We made tea and coffee with rainwater, drank it filtered and cleaned our teeth in it, completely removing chlorinated water from our intake.

I had not noticed that my acid problems had gone while drinking rainwater but began to notice every time we ran out and reverted back to mains water my acid would return with regularity and would again vanish while drinking rainwater.

It appears to me that it somehow burns my throat and stomach lining, whether it is the chlorine or that chlorine stimulates acid production remains unclear.

Not having used underarm deoderants for many years, stinky sour smelling arm pits have me washing more frequently. Yet while on rainwater and using it to shower, my pits stopped smelling and needed less frequent washing.

Many people have investigated Chlorination. Here is one such report: The Negative Health Effects of Chlorine

by Joseph G. Hattersley http://www.nworeport.com/negative.htm

Bored chemist

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« Reply #20 on: 06/09/2009 16:09:46 »
If someone wants to advocate the use of ozone rather than chlorine I'd go along with it to a degree on the basis of cost but lets not do it on the basis of a report that wheels out the same old discredited ideas.
The stuff about free radicals is a red herring; they don't generally last long in the water so they are not a problem.
Also ozonation of water certainly generates free radicals. One such free radical is oxygen which everyone seems to be in favour of.

None of the chlorine in the water you drink survives passage through the digestive system so it cannot destroy bacteria like acidophilus in the colon .

The report also goes on about trihalomethanse and such; these are known to be toxic and carcinogenic- but they ware weak carcinogens
The study of two groups of women who drink water from different sources would be interesting; not from the point of view of the incidence of miscariage but to see how on earth they corrected for the other possible effects. Since these two groups were drinking different water they must have lived in different places. That means that other environmental factors would have differed. Unless each of those was identified and corrected for there's no way the study can tell you anything about trihalomethanes.
The essential fatty acids are present in fairly large quantities in the diet; some of them may be destroyed by chlorine in the water but most won't. In particular the ones that are doing their job in the nervous system won't get damaged by chlorine in the stomach- it simply doesn't reach them.

The stuff about arterial plaques and trans fatty acids simply have nothing to do with the effect of chlorinated water.

I got bored of reading the paper at that point.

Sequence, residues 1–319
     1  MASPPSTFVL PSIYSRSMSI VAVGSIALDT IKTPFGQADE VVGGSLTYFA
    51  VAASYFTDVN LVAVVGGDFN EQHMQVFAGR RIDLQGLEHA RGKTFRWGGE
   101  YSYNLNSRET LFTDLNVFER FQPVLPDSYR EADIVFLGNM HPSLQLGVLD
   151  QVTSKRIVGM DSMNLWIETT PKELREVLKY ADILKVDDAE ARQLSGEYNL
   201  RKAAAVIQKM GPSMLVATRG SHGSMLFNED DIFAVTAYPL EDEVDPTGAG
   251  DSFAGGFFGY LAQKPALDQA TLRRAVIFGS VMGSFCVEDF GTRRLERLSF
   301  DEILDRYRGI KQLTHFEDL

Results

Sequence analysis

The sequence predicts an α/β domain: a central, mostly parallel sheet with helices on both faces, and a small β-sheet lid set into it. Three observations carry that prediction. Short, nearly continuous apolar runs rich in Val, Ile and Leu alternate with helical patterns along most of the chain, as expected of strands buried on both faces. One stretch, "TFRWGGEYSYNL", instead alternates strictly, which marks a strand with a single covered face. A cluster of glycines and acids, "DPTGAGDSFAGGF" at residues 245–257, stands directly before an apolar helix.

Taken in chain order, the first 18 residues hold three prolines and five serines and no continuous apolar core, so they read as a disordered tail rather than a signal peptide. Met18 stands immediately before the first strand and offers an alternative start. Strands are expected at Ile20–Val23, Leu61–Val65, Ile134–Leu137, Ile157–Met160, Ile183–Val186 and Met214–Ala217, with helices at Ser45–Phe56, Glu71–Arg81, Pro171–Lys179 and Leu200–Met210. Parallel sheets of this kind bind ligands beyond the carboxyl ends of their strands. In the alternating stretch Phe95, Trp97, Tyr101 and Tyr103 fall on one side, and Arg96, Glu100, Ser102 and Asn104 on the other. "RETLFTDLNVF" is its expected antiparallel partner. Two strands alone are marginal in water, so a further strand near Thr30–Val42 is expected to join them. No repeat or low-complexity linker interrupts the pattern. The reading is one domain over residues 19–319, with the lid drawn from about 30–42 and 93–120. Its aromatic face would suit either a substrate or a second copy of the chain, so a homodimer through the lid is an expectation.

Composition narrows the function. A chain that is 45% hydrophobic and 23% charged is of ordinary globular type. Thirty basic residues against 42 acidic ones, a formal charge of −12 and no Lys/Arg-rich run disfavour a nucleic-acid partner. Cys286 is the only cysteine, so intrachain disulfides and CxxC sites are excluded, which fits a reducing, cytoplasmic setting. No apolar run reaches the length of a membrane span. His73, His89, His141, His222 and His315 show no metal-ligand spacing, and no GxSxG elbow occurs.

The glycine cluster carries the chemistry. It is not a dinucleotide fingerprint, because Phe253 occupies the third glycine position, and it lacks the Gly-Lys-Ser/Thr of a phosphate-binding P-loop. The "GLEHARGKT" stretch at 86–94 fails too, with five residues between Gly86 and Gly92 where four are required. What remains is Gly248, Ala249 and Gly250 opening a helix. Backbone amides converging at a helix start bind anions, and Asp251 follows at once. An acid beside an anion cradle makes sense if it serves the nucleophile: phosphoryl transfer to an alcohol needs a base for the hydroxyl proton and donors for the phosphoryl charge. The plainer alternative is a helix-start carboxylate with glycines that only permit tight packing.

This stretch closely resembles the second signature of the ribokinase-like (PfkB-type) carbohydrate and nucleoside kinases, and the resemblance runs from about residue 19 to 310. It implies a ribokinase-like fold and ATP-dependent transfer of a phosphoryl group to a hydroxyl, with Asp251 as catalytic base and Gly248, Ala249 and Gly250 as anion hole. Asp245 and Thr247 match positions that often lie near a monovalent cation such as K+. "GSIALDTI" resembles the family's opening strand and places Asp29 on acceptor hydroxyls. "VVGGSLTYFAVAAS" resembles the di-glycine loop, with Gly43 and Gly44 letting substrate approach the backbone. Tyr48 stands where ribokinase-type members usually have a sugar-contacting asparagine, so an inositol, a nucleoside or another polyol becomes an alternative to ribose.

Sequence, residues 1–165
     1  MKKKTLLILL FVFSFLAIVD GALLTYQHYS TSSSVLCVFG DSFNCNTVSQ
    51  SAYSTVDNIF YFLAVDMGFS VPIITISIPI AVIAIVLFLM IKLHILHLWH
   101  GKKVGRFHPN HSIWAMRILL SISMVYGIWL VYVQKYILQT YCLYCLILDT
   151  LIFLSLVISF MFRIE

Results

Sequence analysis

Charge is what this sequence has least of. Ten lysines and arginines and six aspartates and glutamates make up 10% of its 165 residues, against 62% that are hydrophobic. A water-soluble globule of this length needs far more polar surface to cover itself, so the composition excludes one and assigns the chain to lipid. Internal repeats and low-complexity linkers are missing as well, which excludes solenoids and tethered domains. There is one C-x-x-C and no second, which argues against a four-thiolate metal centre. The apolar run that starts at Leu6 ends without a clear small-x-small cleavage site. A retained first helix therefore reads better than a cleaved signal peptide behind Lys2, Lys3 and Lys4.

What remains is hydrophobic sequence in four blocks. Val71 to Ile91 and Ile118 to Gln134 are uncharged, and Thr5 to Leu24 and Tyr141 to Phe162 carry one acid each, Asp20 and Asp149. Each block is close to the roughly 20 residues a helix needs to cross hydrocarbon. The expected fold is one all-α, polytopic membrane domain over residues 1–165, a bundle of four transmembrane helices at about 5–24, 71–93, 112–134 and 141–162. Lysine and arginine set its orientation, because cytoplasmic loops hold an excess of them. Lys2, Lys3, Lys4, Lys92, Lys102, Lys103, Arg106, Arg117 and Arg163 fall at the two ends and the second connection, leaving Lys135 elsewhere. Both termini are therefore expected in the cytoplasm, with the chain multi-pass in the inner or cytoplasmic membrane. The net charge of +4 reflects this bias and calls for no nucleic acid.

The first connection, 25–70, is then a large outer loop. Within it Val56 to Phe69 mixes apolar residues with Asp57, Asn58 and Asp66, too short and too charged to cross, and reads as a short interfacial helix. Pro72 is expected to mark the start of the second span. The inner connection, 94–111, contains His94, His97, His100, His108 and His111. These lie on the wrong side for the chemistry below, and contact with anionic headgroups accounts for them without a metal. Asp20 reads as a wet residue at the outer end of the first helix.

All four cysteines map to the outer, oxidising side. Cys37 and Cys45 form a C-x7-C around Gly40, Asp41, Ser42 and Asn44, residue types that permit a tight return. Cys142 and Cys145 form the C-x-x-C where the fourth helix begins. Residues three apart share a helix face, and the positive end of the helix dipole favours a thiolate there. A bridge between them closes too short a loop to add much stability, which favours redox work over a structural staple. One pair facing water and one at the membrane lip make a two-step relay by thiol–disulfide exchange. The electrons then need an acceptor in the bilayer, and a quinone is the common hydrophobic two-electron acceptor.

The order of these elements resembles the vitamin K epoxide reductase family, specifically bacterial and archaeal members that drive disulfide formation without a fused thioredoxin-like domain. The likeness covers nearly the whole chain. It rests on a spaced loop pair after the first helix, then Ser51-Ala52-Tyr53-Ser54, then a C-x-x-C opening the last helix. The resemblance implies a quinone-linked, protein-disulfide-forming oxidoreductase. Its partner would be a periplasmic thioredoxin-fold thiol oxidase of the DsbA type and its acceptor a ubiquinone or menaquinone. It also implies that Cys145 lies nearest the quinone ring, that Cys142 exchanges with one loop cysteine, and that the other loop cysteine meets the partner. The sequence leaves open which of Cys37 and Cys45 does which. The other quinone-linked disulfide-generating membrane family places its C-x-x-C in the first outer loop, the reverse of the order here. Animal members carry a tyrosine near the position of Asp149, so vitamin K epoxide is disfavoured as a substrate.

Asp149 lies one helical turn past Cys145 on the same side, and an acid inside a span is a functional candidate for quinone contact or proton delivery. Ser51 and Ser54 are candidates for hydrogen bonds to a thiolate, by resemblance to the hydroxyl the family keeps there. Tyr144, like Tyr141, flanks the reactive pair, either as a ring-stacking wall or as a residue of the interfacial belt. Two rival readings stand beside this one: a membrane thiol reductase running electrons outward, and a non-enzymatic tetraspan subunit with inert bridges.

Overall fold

Can I ask that next time you think about citing a report you check to see if it is rubbish first?
Better still, find a reputable source and see wht it says for example here's one in which I have italicised some points
"Carcinogenicity
F344 rats (50 per sex per dose) were given sodium hypochlorite in drinking-water (males:
0.05% or 0.1%, 75 or 150 mg/kg of body weight per day; females: 0.1% or 0.2%, 150 or 300
mg/kg of body weight per day) for 2 years. Experimental groups did not differ from controls
with respect to the total tumour incidences or mean survival times
, and most of the tumours
found were of types that commonly occur spontaneously in F344 rats. The authors concluded
that sodium hypochlorite was not carcinogenic in rats
(17).
In a seven-generation toxicity study, the incidence of malignant tumours in rats consuming
drinking-water with a free chlorine level of 100 mg/litre (10 mg/kg of body weight per day)
4
did not differ from that in controls (21). The incidence of tumours in treated animals was not
significantly elevated in F344 rats and B6C3F1 mice (50 per sex per dose) given solutions of
sodium hypochlorite (70 or 140 mg/kg of body weight per day for male rats, 95 or 190 mg/kg
of body weight per day for female rats, 84 or 140 mg/kg of body weight per day for male and
female mice) in their drinking-water for 103104 weeks (25)."

from
http://www.who.int/water_sanitation_health/dwq/chlorine.pdf

There are certainly risks from disinfection by-products from chlorination but the risk is small compared to the risk of water born disease. Ozone also produces by-products which have not been so well researched- they may turn out to be as bad or worse.
In any event since ozone isn't stable it cannot be carried through the pipes and disinfect them on a continouos basis as chlorine odes.